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University of Colorado Denver College of Liberal Arts and Sciences

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Democracy and Social Movements Certificate Program

Democracy and Social Movements Certificate Program


​The “Democracy and Social Movements” (DSM) certificate program in Political Science introduces students to current research and practice concerning the complex interplay between social movements and the processes for initiating and consolidating democracies.  While contentious political activities have historically contributed to democratization, they have also led to repression, ethnic conflict, and substantive human rights violations.  Among the several DSM issues requiring scholarly investigation are:

 
  • Viable ways to contest authoritarian regimes;
  • The means for constituting a cohesive civil society after a civil war or revolution;
  • The relationships between social equality, distributive justice, and democracy;
  • The relative efficacy of violence and of nonviolent strategies to institute and sustain regime change;
  • The challenges of peacebuilding, transitional justice, and democratization in societies torn by internal conflict;
  • The growth of transnational social movements in response to globalization
  • The contextual factors determining the specific character of any social movement and of democratic regimes
  • The means by which democratic regimes are consolidated and deepened;
  • The ways in which democratization processes and social movements influence law and public policy, public discourse and culture, the use and design of public/private spaces, and the socio-economic outcomes. 

Students in the DSM program examine relevant theoretical and methodological literature in these aforementioned areas and apply it to current circumstances by taking specified courses in each of the four major subfields of political science: American, comparative, international politics, and political theory. 

 

The DSM certificate program is designed to appeal to persons who want to focus their studies on the recent state of democratization processes around world, including explorations of the ways in which social movements can catalyze or even threaten those democratization processes.  Students in the program will explore how globalization is simultaneously fragmenting and uniting the globe, enhancing wealth and impoverishing people, consolidating human rights regimes and transgressing them, and provoking questions about the boundaries of our ethical commitments and the means whereby communities strive for democracy and justice.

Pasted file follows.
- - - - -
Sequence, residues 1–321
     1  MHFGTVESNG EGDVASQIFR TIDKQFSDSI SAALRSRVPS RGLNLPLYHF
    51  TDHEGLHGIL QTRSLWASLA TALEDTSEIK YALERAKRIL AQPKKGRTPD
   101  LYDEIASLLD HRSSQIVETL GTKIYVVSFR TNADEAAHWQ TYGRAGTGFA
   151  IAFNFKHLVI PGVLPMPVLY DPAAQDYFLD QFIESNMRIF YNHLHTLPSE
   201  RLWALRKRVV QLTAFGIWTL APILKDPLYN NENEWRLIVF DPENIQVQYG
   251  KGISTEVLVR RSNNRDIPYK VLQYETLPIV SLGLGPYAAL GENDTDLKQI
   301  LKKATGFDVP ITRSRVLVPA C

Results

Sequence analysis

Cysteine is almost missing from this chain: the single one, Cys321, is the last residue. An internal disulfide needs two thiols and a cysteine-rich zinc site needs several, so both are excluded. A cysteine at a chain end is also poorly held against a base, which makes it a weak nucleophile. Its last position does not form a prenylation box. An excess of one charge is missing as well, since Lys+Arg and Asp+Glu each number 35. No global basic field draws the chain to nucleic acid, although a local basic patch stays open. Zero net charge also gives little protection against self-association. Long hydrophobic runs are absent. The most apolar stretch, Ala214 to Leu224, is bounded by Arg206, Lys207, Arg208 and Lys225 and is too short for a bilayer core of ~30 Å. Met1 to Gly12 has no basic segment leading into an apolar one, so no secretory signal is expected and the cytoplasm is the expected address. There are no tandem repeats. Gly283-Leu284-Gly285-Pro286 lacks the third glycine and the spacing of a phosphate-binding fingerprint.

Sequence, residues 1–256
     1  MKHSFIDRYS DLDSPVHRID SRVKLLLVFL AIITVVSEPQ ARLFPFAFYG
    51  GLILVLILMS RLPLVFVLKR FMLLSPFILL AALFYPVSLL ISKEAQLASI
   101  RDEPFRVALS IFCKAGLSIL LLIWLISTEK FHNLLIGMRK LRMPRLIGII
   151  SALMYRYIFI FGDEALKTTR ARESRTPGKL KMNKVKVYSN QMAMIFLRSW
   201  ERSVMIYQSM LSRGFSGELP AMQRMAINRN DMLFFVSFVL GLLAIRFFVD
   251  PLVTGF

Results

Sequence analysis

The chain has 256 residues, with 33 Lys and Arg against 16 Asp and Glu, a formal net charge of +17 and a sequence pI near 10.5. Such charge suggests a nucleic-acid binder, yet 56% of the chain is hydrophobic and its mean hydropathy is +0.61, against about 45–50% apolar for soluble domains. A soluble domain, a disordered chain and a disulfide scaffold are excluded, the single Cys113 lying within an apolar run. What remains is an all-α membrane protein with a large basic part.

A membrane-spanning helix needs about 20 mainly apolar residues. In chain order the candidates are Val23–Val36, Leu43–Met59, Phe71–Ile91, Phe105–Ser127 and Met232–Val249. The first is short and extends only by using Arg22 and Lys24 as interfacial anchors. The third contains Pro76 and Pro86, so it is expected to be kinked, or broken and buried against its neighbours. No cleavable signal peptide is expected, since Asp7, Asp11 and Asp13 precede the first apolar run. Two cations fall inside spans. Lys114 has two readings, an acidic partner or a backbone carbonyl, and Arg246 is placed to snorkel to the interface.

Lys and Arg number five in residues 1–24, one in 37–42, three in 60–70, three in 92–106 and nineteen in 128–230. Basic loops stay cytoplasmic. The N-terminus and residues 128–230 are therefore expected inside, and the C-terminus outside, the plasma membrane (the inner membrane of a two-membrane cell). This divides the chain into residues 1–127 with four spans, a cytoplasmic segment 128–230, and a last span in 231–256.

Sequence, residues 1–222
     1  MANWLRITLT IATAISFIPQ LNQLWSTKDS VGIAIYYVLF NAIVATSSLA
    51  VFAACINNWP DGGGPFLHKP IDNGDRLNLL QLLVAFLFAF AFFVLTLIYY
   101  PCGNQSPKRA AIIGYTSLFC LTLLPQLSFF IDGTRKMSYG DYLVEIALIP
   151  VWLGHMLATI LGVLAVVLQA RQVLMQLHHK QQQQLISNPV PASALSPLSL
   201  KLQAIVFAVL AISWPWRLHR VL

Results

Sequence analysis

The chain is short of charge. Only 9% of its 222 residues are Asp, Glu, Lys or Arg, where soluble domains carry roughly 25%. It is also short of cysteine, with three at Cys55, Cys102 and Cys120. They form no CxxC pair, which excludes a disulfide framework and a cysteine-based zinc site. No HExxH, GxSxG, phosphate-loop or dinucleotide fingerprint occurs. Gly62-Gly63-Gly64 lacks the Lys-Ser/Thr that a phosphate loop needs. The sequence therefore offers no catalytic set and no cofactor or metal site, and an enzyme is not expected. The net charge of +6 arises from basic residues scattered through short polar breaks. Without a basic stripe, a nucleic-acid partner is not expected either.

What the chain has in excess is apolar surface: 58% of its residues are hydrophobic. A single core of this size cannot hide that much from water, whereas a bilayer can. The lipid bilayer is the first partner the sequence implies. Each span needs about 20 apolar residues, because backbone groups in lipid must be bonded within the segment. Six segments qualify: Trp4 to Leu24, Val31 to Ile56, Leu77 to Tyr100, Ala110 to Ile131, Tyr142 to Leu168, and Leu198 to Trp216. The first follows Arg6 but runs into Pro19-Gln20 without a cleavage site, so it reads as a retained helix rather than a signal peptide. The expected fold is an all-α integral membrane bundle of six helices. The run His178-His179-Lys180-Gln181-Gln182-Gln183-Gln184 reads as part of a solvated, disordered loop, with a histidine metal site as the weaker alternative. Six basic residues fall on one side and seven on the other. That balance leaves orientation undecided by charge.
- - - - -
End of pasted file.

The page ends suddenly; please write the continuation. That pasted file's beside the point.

By permitting students to devise a curriculum that integrates academic and experiential, the DSM program should enhance students’ scholarship, civil engagement, and prospects for further study and employment in rapidly growing fields like international/community development, the non-governmental organization sector, civic education/engagement and human rights. 

 

Upon completion of the program, graduate and undergraduate participants will receive a certificate confirming their successful completion of the program, and a notation upon their formal transcript. 

Undergraduate: the undergraduate certificate requires five program courses (15 credits; at least 6 credits must be upper division), one in each of the four Political Science subfields and the capstone seminar, as well as completion of an appropriate experiential learning requirement.  Like the existing Departmental experiential learning requirement for majors, this requirement can be fulfilled without taking course credits, for example, by documenting the inclusion of significant experiential learning/field work in regular course work, or by documenting significant relevant field work in one’s professional life.

Graduate: the graduate certificate requires three program courses and the capstone seminar (12 total credits; all must be graduate-level courses).  Field Work/Experiential Learning is encouraged and promoted throughout the graduate program, but it is not a certificate requirement.

  • Minimum hours in residency: all DSM courses must be taken in residency at UC Denver.
 
  • Minimum GPA and Allowable grades:
    -- 2.0 minimum GPA with no DSM course below a C for an undergrad certificate
    -- 3.0 minimum GPA with no DSM course below a B for a graduate certificate
 
  • Admissions requirements: None. All students are eligible for the DSM certificate program.

International Politics:

PSCI 4225/5225 Democracy and Democratization

PSCI 4216 International Politics: Human Rights      

PSCI 4265/5265 Social Justice and Globalization

Transnational Social Movements  (new course proposal being prepared)     

Comparative Politics:

PSCI 4225/5225 Democracy and Democratization

PSCI 4217/5217  Human Rights In Theory and Practice

PSCI 5256 The National Question and the Right to Self-Determination

PSCI 4555/5555International Women’s Resistance

PSCI 4807/5807 Revolution and Political Violence

PSCI 5145 Indigenous Politics

Democratization and Authoritarian Regimes (course to be created):

Urban Social Movements (course to be created):

American Politics:

PSCI 3035 Political Movements: Race and Gender

PSCI 4074/5094  Urban Politics

PSCI 3914 Urban Citizen

Political Theory:

PSCI 4207  Theories of Social and Political Change

Capstone:

PSCI 4206/5206 Social Movements, Democracy, and Global Politics